A 1971 article dives into the type of music he was playing - Norwegian / Scandinavian and a bit of a description of what the listener was hearing. An unnamed author tells readers that Norwegians were great dancers, dances such as the hamvo and the schottish. But they were also great singers. In this way he prefaces Olaf the conductor of an "old-fashioned dance orchestra."
"Most of the songs are sentimental. Norwegian folk music is 90 per cent in the minor key. And this gives it a soft mellow tone. ... But Norwegian music, though very much like the Swedish, is quite unlike the Finnish and quite different again from the Danish. ... I wouldn't say that Norwegian songs are sad. Sentimental, sure. But there's not the sadness of other nations. But then Norway does not have as tragic a history as many other nations." — Olaf Sveen (1971)
The 1971 article went on to explain why immigrants from Norway to Canada would still sing traditional music many years after they left their homeland in Europe. Olaf had a simple answer.
"The same as all other nationalities that come to Canada. Any ethnic group likes to keep its heritage. Music, and especially singing, are large part of our heritage. And I don't think it will ever die. Though I wouldn't expect many people in Edmonton to know some of the rarer Norwegian bridal marches and folk songs. I do not play them in my orchestra for that reason."
In 1967, Barry Westgate informed readers of his column that Olaf had a new album, Scandinavian Carousel. Mr. Westgate told readers that Olaf was backed by Gaby Haas, Clarence Ploof and Johnny Mack. The album featured Olaf and the organ / accordion sound of the Cordovox.
Edmonton was blessed with two accordion legends. Gaby Haas, a popular Edmonton musician, and three partners opened the Hofbrauhaus restaurant in December 1967. Like, Olaf, Gaby was also an immigrant. He came to Canada from Czechoslovakia in 1939. It was opened to be a dine-and-dance facility. Gaby already had a television show and operated the European Music Shop on 97th street in Edmonton. Other partners were Rudy Roch, who was raised in the restaurant and bakery business in Germany. He also ran the Victoria Cake and Coffee shop in Edmonton. Siegfried Biewald was the chef du cuisine; he had international experience. When the restaurant opened, it featured Olaf Sveen on the accordion on Monday evenings. Rolf Loth, a zither player, did the entertainment on Tuesday evenings. Wednesday evenings were for Olaf Sveen and his orchestra. Gay Hass and his Hofbrauhaus Gang handled the entertainment on Thursday, Friday and Saturday evenings. The restaurant was at the corner of 97th Street and 102nd Avenue. The building no longer exists; modern urbanization has taken its place.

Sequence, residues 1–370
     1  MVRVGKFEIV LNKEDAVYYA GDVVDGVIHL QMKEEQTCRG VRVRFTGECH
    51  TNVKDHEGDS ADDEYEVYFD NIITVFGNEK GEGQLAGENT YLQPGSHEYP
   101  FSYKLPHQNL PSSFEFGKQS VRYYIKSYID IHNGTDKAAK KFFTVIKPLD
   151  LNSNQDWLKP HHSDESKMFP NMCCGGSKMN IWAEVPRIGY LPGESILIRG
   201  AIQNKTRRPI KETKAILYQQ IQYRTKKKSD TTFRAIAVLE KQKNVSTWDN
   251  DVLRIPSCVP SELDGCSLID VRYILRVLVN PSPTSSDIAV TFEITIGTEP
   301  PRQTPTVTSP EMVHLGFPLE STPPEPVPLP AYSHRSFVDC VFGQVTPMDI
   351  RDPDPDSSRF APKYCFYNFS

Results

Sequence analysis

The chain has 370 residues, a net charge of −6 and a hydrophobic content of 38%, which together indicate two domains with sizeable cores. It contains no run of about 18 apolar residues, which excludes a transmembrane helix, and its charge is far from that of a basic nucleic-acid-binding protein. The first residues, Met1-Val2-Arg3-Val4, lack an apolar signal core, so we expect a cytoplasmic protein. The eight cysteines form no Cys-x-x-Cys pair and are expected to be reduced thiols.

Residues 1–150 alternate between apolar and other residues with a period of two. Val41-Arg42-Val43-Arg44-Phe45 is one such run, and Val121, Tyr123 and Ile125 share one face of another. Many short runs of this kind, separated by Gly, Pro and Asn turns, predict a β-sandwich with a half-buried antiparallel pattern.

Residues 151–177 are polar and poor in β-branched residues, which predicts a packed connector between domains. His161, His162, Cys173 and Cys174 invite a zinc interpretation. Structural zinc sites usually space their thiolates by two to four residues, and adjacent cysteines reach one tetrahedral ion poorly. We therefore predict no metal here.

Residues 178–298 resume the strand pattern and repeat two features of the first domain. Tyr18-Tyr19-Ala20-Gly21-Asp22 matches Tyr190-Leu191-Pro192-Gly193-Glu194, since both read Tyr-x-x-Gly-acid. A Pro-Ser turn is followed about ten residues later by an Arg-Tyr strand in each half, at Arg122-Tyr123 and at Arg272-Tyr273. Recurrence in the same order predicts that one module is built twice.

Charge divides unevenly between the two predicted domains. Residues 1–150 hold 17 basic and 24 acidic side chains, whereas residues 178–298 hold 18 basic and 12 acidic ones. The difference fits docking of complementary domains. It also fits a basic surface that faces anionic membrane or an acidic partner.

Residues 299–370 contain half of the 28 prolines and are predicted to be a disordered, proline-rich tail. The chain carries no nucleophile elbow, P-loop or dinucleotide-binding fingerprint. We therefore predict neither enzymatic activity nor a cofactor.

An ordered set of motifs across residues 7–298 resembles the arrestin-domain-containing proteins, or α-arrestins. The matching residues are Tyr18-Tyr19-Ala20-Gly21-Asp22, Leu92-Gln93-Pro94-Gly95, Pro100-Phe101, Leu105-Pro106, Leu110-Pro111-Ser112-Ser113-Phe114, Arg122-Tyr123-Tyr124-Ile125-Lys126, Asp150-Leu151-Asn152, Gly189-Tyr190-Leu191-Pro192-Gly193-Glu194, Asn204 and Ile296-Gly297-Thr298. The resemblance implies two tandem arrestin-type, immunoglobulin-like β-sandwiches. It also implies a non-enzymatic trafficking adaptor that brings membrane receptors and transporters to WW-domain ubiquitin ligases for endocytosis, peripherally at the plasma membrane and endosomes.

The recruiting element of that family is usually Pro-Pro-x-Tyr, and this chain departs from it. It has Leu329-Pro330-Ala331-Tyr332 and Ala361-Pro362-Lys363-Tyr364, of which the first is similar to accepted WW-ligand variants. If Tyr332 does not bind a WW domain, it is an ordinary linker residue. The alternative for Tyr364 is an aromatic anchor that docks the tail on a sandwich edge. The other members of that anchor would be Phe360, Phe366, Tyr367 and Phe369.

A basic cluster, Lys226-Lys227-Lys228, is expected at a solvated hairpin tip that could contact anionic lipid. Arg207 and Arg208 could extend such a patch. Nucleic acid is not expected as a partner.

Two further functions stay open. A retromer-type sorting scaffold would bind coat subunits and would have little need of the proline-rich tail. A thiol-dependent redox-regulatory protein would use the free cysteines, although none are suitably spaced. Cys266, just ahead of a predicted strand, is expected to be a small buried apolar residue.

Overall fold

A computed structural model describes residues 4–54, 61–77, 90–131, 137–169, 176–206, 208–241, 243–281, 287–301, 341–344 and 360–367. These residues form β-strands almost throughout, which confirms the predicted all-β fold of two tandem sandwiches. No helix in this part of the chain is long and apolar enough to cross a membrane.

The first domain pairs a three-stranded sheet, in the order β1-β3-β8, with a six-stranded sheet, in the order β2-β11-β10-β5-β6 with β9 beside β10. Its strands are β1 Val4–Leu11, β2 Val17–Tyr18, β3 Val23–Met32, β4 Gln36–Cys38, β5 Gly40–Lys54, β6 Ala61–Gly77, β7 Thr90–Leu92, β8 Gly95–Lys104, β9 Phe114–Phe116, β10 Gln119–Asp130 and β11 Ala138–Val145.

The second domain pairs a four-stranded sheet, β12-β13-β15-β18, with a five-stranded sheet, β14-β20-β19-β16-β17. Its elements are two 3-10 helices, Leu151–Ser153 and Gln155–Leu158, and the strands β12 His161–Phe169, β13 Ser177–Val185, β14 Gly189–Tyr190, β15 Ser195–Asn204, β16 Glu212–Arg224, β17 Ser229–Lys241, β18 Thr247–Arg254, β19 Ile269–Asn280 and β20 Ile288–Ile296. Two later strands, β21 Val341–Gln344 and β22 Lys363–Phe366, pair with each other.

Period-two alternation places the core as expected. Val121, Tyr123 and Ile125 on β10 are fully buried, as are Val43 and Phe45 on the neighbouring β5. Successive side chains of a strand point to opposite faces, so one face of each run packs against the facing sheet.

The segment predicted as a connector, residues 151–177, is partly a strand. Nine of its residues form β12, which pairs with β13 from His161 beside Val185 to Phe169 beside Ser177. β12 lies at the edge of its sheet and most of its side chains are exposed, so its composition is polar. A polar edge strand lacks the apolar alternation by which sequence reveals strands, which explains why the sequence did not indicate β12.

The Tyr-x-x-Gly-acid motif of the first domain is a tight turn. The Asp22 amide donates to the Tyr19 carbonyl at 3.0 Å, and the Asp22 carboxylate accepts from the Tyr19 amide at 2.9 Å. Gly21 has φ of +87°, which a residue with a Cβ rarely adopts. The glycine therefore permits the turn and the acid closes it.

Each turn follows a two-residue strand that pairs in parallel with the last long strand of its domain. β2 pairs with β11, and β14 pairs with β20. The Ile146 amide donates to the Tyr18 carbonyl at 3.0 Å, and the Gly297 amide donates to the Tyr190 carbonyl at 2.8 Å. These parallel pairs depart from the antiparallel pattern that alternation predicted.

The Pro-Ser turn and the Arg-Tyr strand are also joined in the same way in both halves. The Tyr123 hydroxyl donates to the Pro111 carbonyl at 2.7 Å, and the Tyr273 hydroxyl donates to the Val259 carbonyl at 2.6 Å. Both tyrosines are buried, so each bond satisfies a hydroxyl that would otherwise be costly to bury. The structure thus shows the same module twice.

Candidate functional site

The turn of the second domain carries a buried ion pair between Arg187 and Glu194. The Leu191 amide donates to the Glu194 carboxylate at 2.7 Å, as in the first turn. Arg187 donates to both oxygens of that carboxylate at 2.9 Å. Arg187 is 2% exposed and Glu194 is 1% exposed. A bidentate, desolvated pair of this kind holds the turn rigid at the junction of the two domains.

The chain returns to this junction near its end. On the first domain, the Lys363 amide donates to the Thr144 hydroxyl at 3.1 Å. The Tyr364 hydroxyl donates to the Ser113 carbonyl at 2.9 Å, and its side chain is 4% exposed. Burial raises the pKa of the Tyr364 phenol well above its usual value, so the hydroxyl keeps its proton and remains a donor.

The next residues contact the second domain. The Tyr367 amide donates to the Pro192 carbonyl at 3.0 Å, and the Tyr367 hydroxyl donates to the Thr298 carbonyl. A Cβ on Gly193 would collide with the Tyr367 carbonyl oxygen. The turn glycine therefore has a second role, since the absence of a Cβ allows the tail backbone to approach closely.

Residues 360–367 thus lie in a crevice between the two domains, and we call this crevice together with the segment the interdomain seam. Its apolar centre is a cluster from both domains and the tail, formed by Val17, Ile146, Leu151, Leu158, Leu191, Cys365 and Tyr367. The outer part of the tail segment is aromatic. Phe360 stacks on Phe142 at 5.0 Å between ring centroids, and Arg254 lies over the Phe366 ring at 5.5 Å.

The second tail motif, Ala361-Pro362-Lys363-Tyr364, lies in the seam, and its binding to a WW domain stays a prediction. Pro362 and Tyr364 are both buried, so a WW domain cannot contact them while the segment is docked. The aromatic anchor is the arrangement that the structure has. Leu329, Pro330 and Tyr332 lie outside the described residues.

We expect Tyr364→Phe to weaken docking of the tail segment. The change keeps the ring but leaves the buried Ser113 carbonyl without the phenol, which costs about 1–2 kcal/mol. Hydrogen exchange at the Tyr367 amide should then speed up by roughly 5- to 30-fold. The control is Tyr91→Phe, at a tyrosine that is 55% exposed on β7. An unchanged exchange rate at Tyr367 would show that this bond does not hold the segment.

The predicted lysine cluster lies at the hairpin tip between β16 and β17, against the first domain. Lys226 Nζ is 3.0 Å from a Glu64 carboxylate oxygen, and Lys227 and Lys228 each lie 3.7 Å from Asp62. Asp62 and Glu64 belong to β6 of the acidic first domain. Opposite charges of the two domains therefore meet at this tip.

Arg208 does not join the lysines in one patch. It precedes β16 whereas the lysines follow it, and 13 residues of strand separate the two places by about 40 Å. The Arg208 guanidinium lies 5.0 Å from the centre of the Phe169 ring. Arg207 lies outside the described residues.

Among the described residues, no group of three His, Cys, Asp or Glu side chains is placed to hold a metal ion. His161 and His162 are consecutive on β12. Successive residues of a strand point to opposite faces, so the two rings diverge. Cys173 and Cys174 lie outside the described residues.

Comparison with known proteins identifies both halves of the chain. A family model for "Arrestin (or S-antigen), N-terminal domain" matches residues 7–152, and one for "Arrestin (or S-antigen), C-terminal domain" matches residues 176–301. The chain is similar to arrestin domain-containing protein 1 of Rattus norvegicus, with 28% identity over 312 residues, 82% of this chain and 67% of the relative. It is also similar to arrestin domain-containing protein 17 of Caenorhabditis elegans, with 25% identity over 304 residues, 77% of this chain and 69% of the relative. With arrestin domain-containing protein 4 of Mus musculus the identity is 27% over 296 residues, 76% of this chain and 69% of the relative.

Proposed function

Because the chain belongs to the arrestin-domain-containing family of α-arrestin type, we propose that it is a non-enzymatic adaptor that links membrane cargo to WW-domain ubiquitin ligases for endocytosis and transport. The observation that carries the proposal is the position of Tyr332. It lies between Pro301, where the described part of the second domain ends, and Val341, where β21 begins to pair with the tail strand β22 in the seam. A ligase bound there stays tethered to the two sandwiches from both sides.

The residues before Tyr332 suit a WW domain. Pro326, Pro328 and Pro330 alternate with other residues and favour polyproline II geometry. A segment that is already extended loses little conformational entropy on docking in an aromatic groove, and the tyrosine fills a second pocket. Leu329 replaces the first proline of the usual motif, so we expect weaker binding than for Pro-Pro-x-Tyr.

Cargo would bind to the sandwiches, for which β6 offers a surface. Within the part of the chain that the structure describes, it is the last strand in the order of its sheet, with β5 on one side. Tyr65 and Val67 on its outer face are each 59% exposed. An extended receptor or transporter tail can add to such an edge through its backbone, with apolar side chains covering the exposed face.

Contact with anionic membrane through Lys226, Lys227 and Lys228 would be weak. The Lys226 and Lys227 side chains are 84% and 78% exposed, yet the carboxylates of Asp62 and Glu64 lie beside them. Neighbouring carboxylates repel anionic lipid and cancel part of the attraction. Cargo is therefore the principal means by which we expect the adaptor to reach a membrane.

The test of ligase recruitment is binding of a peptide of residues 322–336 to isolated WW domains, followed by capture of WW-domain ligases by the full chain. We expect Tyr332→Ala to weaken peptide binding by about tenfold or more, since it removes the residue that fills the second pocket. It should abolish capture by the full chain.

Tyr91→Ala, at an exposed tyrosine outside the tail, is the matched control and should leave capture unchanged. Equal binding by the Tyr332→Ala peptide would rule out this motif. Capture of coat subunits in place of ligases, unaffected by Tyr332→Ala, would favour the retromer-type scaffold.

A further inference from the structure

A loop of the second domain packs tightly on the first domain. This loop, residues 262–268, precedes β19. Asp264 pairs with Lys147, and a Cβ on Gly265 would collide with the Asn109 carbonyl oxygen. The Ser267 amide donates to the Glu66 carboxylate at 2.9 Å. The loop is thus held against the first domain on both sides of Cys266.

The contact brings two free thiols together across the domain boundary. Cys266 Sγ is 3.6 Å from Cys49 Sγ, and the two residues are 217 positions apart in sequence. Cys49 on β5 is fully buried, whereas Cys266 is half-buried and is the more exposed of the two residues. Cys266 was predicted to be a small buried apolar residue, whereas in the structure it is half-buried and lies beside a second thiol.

In this time he recorded: 78ís: The Kenosee Waltz, Moose Mountain Waltz, Olleís Polka and the Calgary Polka among others.
Olaf Sveen has recorded for Banff, Rodeo and London records. ( Olafís record sales are up in the quarter Million)
Olaf Sveen recorded 32 long playing records and several 45ís and 78ís.
Bob Gilmour wrote of Olaf in a 1975 column, leading off with some of Olaf's recording achievements. He told readers Olaf had sold over 200,000 records in the previous 21 years. He was releasing his 24th album in August 1975. His 20th album was still being sold in the North American market. A fan could still find twelve eight-track tapes and three cassette albums. The university library in Oslo, Norway had not only Olaf's recordings, but also his musical compositions.
But his fame as a leading accordion music composer and player seemed known only to those in Edmonton.
He had appearances on Radio, Television, internationally, and wrote for music magazines and published over 400 songs and wrote a book on music.
Olaf has received awards for record sales at London Records as well as awards for long service, 25 years volunteering for playing accordion in hospitals.